Spanglish 2 …continued

October 23, 2009

So my second program with Pueblo Ingles turned out to be just as fabulous an experience as the first, just with a different cast of characters. For instance, we had Dominique, the sexy frenchman, Mikel, the Spanish player, and our very own Heidi Fleiss. And many more, upon which I shall expand at a later time. Since we were situated in the middle of nowhere, our program director decided to take us on an excursion during the week, to another abandoned town a few miles away from Valdallevilla. We were informed that as this was an abandoned village, there would not be any shops, or any other signs of civilization; however, there would be mobile service! So, after about an hour’s worth of hiking up the mountain, we finally reached the old village. At this point almost everyone on the hike pulled out their mobile devices, frantically pointing them towards the sky, begging for a signal from the gods, in hopes of connecting with the outside world. Poor Amelia, our hard-working tour guide had to postpone her lecture while everyone reconnected with their long lost real lives.

The rest of the week proved to be fulfilling and unforgettable. Friendships would be formed and connections made that would stay with us for a long time. Unfortunately, as do all good things, this too, had to come to an end. So we said our goodbyes (in English) and parted ways. After spending only 1 evening in Madrid, I decided to continue my love affair with Barcelona, so I boarded a plane and off I went. After arriving in Barcelona at 1am, I headed to Barceloneta beach where my friend Bea, at whose place I would be crashing, would be meeting me. High on xanax (from the flight) and 8 days of non-stop talking, all I wanted to do at this point was sleep. That would not happen. When I met up with Bea, she was in the happy company of Dan, a cheeky Brit and Dan’s 2 friends Carlos and Juan (whose names have been changed to protect the innocent) and who, I would come to find out later on, were former workers for a Columbian drug cartel under the guise of pizza makers, and who were now selling real estate in Barcelona. Okie dokie. So, despite my protests, sleep would have to wait. The rest of the night would be spent dancing until the clubs shut down and sitting on the beach waiting impatiently for the sun to make her appearance. (After which, I would once again begin my hopeless search for an American diner in Europe…What do they say the definition of insanity is?: Repeating the same thing over and over again, each time hoping for a different outcome? Hm) So, the madness of Barcelona would begin (or resume), and this night would mark the beginning of Barcelona Part III. Stay tuned for more.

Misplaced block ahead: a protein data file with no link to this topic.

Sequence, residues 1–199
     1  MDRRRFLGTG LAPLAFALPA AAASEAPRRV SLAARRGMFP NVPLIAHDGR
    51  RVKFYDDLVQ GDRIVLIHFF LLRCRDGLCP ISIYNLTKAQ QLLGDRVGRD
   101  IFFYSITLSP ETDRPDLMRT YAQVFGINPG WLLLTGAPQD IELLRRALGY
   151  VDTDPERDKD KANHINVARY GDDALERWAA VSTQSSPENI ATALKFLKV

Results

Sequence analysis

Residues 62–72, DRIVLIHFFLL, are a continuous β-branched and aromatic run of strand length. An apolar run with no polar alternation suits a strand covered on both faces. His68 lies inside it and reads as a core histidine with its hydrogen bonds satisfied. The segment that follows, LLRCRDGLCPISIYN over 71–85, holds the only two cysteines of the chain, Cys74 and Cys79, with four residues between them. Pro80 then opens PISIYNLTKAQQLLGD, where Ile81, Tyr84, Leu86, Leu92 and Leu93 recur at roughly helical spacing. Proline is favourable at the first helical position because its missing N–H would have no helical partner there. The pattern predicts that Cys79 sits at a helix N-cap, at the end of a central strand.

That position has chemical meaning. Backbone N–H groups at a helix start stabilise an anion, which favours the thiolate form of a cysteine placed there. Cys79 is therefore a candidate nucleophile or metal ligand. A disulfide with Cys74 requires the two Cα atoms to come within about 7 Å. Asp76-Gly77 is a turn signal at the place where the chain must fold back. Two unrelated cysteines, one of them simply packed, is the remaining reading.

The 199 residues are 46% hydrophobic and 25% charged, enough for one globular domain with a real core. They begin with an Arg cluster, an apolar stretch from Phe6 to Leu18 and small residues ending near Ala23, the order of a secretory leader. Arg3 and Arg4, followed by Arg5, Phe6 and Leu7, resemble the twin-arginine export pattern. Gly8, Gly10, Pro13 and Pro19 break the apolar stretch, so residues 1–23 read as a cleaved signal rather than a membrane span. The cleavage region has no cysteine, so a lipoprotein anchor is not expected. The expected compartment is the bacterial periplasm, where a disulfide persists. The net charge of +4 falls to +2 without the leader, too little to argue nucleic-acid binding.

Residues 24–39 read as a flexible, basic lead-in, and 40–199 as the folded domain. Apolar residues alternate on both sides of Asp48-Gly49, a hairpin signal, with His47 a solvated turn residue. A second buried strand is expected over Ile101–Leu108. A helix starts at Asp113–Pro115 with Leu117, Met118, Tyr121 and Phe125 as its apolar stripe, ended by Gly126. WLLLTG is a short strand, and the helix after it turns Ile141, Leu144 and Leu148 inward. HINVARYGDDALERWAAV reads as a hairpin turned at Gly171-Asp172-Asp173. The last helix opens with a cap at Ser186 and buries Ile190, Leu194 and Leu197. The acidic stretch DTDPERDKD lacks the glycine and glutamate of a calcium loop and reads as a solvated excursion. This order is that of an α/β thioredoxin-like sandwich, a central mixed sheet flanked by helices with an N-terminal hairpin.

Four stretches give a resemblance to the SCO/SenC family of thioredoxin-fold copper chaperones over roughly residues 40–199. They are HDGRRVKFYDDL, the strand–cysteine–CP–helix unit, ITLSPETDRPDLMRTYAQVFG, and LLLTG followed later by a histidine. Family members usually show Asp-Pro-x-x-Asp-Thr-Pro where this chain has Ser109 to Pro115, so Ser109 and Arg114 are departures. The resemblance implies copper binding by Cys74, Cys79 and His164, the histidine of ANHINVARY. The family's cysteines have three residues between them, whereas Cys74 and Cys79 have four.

Allison Maria Barcelona

June 29, 2009

So, my last night in London, after seeing Romeo and Juliet at the Globe, I met up with Andreas. We walked through Holland Park and went to Knotting Hill, where we saw a street fight! Just like in Bridget Jones’ Diary! I then called it an early night, went to sleep and flew to Barcelona in the morning. And here I am. I love Barcelona!! Our first night here we decided to stay in at the hostel where we’re staying and play drinking games with our store bought vodka (Yes, I am officially 21 again!). We then went out to Club Boulevard and danced to 80ś music until 4 in the morning! Then next day we hit the beach, where we experienced our most adventurous adventure thus far… we went topless! Apparently people don’t like to wear clothes here. Lots of naked people walking around. Its kind of strange, but I love the lack of inhibition here. After the beach, we hopped on the train to head back to town, and on our way, we noticed a sign for the U2 concert playing that very night at Camp Nou. The show was at 8 and it was about 8:15 when we noticed it, but we said, f it and got off the train at what looked light the right area where the arena was, found the stadium, bought 2 tix off a scalper and rocked it out with U2!!! In Barcelona!!! On the first night of their international tour!! Then today we hit the beach again and had a fabulous time (kept our tops on this time!) Tonight is our last night here then off to Madrid en la manana. Adios para ahora!